Assessment of Adoption of Watershed Management Approaches for Sustainable Constituency Development Fund Projects in Funyula Constituency, Kenya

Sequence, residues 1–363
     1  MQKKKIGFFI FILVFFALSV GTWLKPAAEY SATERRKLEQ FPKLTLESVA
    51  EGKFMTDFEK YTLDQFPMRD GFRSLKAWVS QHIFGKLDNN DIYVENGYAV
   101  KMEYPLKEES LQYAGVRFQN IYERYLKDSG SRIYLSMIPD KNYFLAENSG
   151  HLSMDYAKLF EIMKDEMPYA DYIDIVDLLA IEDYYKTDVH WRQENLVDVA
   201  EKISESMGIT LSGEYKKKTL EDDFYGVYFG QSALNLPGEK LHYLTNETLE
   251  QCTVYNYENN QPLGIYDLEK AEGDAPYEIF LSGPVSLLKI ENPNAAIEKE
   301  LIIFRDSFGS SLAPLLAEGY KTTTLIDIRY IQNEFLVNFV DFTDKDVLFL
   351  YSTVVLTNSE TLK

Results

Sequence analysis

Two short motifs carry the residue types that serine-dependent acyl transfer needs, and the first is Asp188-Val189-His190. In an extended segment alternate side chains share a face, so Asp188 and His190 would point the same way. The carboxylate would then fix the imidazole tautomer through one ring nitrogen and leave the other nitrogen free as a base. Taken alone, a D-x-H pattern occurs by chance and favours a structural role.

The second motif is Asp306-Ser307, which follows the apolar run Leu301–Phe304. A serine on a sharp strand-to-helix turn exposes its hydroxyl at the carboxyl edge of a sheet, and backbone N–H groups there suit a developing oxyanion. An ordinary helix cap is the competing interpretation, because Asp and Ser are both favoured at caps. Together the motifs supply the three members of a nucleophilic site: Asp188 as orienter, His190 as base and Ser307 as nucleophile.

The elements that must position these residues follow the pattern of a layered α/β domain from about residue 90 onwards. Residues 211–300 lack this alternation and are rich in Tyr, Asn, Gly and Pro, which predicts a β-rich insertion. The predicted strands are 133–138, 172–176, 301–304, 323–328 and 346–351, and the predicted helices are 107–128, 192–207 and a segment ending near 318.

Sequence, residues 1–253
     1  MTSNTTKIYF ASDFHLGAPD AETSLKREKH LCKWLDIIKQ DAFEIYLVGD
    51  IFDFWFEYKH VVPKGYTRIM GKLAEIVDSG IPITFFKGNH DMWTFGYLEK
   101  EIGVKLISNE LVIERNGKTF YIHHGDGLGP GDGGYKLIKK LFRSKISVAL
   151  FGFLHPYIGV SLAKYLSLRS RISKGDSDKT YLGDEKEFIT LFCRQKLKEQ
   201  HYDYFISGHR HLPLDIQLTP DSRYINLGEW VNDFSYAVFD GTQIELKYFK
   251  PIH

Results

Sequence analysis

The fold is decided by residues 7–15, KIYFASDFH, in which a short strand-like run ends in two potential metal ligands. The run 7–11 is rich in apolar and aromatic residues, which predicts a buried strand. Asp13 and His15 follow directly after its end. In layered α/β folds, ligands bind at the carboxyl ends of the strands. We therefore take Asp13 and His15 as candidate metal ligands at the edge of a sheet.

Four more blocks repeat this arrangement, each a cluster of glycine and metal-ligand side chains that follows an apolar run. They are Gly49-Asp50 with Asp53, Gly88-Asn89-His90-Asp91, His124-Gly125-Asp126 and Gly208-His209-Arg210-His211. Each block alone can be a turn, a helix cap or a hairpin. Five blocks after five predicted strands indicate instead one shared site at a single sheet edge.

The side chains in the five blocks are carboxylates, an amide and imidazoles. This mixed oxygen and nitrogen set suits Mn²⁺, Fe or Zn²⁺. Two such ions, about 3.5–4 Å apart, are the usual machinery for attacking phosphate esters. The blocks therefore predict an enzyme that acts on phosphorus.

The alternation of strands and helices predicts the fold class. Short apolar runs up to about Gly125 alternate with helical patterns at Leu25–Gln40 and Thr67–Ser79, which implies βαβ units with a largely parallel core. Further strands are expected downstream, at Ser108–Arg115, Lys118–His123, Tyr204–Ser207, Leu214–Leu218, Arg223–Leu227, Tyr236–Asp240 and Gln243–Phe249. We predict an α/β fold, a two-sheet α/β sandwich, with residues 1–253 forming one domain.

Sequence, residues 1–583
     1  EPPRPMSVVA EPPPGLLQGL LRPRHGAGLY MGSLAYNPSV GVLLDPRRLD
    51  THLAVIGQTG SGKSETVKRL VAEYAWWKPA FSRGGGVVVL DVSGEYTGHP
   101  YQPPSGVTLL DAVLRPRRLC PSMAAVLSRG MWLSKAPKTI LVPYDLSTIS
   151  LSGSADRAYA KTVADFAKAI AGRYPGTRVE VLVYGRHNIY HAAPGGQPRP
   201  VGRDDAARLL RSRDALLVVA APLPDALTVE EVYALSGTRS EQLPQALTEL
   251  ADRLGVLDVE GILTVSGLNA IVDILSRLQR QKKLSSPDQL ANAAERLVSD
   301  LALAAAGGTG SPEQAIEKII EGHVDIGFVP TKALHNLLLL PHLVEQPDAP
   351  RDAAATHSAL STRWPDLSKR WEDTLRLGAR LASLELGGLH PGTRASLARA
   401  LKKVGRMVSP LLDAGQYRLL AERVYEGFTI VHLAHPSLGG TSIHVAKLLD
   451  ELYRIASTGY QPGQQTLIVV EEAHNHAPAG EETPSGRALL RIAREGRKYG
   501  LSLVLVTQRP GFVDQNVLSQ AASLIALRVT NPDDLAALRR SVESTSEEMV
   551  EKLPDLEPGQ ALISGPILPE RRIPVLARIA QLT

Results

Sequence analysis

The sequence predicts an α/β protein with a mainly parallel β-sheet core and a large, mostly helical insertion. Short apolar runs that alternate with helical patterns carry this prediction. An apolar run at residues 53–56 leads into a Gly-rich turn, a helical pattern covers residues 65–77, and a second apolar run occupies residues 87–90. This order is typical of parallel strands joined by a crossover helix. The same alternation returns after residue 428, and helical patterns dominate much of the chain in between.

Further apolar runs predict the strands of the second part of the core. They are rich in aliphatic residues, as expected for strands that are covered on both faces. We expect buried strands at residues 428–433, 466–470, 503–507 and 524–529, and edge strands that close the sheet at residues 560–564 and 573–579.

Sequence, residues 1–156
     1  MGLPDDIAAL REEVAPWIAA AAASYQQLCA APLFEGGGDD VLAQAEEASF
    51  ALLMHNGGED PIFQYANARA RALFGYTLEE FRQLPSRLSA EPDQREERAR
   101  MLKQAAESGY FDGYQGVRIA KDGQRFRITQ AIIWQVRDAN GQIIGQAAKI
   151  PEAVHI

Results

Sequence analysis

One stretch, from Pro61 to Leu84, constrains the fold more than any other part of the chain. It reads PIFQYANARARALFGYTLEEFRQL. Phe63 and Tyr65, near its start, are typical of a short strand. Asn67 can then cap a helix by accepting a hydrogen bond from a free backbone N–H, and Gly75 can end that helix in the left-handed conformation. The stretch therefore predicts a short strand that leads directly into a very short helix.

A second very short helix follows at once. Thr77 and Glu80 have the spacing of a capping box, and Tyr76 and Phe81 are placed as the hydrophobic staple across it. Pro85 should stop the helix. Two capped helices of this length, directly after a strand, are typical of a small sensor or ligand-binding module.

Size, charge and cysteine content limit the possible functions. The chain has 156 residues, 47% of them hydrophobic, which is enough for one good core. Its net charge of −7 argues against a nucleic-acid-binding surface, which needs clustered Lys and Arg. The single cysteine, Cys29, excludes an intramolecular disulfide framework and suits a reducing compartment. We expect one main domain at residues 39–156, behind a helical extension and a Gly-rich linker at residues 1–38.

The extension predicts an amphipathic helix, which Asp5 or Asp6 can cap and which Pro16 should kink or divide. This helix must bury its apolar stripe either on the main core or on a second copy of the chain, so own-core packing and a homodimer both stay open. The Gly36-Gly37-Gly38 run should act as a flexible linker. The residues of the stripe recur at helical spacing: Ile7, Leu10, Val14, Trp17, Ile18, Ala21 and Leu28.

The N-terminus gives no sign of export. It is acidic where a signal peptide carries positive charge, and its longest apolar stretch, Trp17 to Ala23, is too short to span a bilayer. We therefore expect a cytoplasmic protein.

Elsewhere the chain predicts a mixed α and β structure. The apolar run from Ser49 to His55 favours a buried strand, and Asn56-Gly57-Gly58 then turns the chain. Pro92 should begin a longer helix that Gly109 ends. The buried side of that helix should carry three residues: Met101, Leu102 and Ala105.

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Management of the natural resource of a drainage basin primarily for the production and protection is considered essential for soil and water conservation. Despite an increase in CDF allocations, watershed management approaches are not integrated in local development projects to realize sustainability. The study assessed the need and ways of considering watershed management approaches in CDF projects. Key objectives included to determine the relative importance of factors that influence the allocation of CDF for community development projects; assess how the local bio-physical environment has been affected by CDF projects activities; establish the relevant community institutions and organizations to enhance watershed management activities; and determine the community perceptions and opportunities for enhancing watershed management activities in the CDF projects in Funyula Constituency. Three level multistage samples of 123 household heads and 8 purposively selected key informants were involved in the study. Quantitative information was mainly obtained using a questionnaire, an observation checklist and interview guide. Participatory mapping, transect walk and photography were used to obtain the qualitative information. Quantitative data was subjected to descriptive analysis mainly frequency distributions, and percentages presented in form of tables and graphs. Perceptions were measured using a 5-point likert scale, while participatory map and transect walk data were used in the analysis to complement quantitative data. According to the fmdings, 91.1% of households in Funyula earned their income from all farm activities which included both on-farm and off-farm activities with 66.9% earning less than Kshs. 1,500 per month. Poor roads network, health and educational facilities, need for clean and safe water supplies were main local factors that determine CDF allocations to various development projects utilizing a lot of CDF leaving watershed management unattended to. Among the effects, the most common were graded roads, rehabilitated dams, springs and dug fish ponds. Abandoned brick making sites and quarries, silted streams and cleared vegetation along the graded road were most visible effects of CDF activities on biophysical environment. Limited community participation in CDF decision making process, lack of watershed management knowledge and awareness on the need for undertaking Environmental Impact Assessment (EIA) on the CDF projects among the CDF committees and the public were the main limitations in considering watershed management approaches. The major household limitation to watershed management identified included, 82.1% limited credit and inputs, 50% lacked watershed management capacities. However, there was a positive correlation between lack of watershed management knowledge and community participation in watershed management (r=0.0l3, n=123, p< 0.05), more so, 43.1% of the respondents felt that high start up costs were the main limitation, and 19.5% identified interference from their neighbour. To conclude, CDF has undertaken projects which are bound to improve livelihoods through providing social services such as education and health, but they are not sustainable due to lack of watershed management approaches, therefore, the need to urgently address the sustainability need. The study recommends the integration of watershed management approaches such as undertaking EIA on CDF projects, capacity building the public and CDF committees, provision of incentives, alternative livelihood source, to enable community participate in watershed management activities.